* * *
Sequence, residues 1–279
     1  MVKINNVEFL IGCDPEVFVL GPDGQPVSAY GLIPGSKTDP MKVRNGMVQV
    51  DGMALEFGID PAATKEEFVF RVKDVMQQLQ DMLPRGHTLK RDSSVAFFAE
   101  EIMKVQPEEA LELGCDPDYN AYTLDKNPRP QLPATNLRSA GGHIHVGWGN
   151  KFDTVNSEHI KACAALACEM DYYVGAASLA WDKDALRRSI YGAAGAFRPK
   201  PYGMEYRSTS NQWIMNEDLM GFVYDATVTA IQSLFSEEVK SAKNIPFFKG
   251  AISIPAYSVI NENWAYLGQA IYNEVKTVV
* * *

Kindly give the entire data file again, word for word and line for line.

Sequence, residues 1–279
     1  MVKINNVEFL IGCDPEVFVL GPDGQPVSAY GLIPGSKTDP MKVRNGMVQV
    51  DGMALEFGID PAATKEEFVF RVKDVMQQLQ DMLPRGHTLK RDSSVAFFAE
   101  EIMKVQPEEA LELGCDPDYN AYTLDKNPRP QLPATNLRSA GGHIHVGWGN
   151  KFDTVNSEHI KACAALACEM DYYVGAASLA WDKDALRRSI YGAAGAFRPK
   201  PYGMEYRSTS NQWIMNEDLM GFVYDATVTA IQSLFSEEVK SAKNIPFFKG
   251  AISIPAYSVI NENWAYLGQA IYNEVKTVV